Top-level tensions in the Presbyterian church over a cult inside its Camberwell church have deteriorated after the state authority defied a move that would end its attempts to excise the cult.
Members of the Victorian assembly on Tuesday expressed outrage at a report from the national church group that in practice exonerates the cult, known as the Fellowship.
The incoming Victorian leader, Douglas Robertson, minister of Scots Church in the city, told the assembly the national church had acted unconstitutionally, exceeded its authority and tried to impose censorship.
One senior Victorian Presbyterian, who did not want to be named, said the report was a huge setback. "We almost got them, but in one day the General Assembly of Australia has managed to undo years of to-and-froing in church courts."
The Victorian church has been trying for a decade to remove the cult, which has been described as manipulative, authoritarian and controlling and has instructed members to shun family members who do not belong - a practice that the Fellowship has claimed no longer occurs.
The group, headed by multimillionaire stockbroker Bruce Teele, has had the determination and resources to resist.
Its leaders have "suggested" who members should marry, where they should work, how they should raise their children and - most painfully - who they should avoid, which led to family members being entirely cut off.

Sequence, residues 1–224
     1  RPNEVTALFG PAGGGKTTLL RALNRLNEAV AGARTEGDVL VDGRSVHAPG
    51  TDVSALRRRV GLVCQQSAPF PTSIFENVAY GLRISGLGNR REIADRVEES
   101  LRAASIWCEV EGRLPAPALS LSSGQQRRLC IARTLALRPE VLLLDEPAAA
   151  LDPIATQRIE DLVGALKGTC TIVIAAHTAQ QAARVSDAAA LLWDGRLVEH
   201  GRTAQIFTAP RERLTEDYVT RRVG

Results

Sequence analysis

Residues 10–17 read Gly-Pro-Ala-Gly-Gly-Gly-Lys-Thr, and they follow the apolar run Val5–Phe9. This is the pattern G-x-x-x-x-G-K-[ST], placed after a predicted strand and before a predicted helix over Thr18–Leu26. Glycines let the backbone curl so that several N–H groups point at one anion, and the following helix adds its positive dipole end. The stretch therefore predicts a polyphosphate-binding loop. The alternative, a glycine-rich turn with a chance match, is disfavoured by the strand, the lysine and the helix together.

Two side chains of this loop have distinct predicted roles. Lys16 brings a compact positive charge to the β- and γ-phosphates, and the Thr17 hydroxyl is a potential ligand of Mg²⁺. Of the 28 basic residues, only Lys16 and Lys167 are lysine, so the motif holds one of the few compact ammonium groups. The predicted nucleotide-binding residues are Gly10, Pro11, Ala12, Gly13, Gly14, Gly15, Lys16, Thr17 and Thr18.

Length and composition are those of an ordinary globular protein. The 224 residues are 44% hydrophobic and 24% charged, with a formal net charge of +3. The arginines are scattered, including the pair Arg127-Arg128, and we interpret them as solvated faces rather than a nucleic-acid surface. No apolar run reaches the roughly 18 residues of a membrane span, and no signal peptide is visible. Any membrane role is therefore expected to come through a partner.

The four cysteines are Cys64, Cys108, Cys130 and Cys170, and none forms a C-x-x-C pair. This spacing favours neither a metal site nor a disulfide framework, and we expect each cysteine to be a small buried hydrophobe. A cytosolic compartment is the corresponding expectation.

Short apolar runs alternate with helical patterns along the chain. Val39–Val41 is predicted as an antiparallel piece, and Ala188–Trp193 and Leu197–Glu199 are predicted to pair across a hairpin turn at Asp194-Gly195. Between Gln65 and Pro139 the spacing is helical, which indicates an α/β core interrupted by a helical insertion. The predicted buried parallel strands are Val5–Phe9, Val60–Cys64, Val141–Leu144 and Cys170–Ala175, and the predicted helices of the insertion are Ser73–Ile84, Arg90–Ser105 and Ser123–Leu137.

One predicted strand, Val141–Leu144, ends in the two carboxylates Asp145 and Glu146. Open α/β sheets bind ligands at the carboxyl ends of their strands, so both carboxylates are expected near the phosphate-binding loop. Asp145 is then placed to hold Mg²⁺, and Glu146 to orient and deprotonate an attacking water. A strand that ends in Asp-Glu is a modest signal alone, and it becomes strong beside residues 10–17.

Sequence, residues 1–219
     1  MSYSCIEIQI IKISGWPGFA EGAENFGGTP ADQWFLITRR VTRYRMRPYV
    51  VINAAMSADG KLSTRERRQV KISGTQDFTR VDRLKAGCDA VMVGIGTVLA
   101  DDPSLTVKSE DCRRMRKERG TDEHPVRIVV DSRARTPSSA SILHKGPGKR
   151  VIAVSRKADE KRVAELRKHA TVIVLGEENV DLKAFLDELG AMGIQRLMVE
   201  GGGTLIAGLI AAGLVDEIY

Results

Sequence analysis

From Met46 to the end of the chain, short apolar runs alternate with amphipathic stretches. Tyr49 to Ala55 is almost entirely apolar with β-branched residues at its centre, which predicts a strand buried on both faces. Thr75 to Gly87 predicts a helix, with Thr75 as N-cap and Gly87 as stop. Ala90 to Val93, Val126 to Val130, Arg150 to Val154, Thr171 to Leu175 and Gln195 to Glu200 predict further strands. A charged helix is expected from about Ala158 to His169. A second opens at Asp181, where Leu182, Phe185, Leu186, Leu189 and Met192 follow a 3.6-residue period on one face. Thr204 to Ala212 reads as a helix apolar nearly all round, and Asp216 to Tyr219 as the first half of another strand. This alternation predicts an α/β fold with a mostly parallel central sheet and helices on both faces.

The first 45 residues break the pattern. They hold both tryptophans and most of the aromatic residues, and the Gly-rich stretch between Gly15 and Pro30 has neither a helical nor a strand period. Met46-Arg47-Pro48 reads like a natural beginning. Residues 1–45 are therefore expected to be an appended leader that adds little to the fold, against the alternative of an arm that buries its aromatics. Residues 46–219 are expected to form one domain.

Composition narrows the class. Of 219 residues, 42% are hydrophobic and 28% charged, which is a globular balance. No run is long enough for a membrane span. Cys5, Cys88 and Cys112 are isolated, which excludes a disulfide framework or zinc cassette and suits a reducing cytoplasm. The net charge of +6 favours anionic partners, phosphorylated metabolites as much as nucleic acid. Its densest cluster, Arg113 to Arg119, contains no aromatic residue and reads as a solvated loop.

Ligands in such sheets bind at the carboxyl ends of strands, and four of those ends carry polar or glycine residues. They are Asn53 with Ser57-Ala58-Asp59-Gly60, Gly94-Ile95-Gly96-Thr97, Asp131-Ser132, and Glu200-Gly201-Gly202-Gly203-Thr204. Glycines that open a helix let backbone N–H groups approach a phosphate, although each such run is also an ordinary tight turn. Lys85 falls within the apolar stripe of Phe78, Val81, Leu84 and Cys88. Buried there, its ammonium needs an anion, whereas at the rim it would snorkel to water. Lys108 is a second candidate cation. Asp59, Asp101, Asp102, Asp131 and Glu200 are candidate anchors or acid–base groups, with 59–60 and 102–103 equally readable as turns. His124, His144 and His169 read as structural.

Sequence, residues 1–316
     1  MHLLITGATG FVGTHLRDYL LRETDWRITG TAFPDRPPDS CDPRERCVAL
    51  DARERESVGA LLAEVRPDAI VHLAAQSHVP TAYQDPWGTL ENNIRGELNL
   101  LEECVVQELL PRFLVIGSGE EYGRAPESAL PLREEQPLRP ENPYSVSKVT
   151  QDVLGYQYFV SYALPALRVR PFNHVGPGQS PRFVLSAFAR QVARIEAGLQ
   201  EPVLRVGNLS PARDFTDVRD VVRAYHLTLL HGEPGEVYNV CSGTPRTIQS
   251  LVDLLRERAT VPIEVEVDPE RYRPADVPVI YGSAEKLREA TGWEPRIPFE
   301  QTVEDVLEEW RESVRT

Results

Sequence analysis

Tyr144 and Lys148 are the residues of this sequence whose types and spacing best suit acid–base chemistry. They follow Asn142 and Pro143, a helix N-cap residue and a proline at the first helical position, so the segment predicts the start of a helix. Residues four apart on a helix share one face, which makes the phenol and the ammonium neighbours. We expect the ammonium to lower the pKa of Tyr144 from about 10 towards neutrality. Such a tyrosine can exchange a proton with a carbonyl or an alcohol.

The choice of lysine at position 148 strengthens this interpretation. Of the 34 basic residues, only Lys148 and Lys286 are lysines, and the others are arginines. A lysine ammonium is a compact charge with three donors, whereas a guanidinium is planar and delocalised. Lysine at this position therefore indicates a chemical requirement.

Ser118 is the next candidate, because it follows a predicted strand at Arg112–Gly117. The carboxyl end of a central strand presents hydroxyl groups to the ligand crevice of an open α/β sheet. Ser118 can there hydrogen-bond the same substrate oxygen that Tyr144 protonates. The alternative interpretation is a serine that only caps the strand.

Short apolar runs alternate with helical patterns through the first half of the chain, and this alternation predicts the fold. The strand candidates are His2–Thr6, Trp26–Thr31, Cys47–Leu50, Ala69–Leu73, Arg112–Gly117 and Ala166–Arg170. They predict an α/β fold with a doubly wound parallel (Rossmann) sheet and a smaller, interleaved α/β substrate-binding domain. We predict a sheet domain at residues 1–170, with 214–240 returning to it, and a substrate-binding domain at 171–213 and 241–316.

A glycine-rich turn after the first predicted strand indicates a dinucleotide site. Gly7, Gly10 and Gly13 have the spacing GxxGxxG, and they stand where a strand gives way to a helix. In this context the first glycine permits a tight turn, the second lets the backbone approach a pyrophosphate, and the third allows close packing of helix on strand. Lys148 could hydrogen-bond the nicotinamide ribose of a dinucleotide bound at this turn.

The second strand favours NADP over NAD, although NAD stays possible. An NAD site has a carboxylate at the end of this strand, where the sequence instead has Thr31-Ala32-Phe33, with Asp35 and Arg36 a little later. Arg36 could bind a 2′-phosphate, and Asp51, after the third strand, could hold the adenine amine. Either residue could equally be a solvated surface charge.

In 2006, the Victorian church expelled 15 elders from Trinity Presbyterian, but last year the national church reinstated them. It set up a committee to investigate the Fellowship, whose recommendations were rejected on Tuesday.
For the first time, the Victorian assembly debated the Fellowship in open session, despite an attempt by Fellowship supporters to keep discussion private.
The assembly rejected requests by the national committee to move Trinity from the jurisdiction of the Presbytery of Melbourne East to Melbourne West, and to stop distributing Fractured Fellowship, the booklet Victoria published against the cult a decade ago.
In a conclusion Victorian Presbyterians found particularly insulting, the committee equated the presbytery of Melbourne East with the cult, saying both were guilty of shunning. It suggested both Trinity and the Victorian church should "express regret" and start afresh.
The Victorian assembly set up its own committee to investigate jurisdiction over Trinity. Mr Robertson, a member of Melbourne West, said his presbytery had not been consulted in any way, and that such a move would risk the "time, energies, peace, stability and reputation of that presbytery".
The assembly voted to ask the national committee to demonstrate any errors in Fractured Fellowship, to explain why it was not necessary for the Fellowship to disavow its past beliefs and behaviour, and outline how it planned to help Fellowship victims "who have suffered for many years as a result of these unbalanced views".
Brian Bayston, the Victorian law agent, told the assembly he did not believe the Trinity elders had changed.
Trinity minister Philip Mercer said he was not prepared to talk to The Age, about anything under any circumstances, while the Reverend Chris Balzer, chairman of the national inquiry, also declined to comment.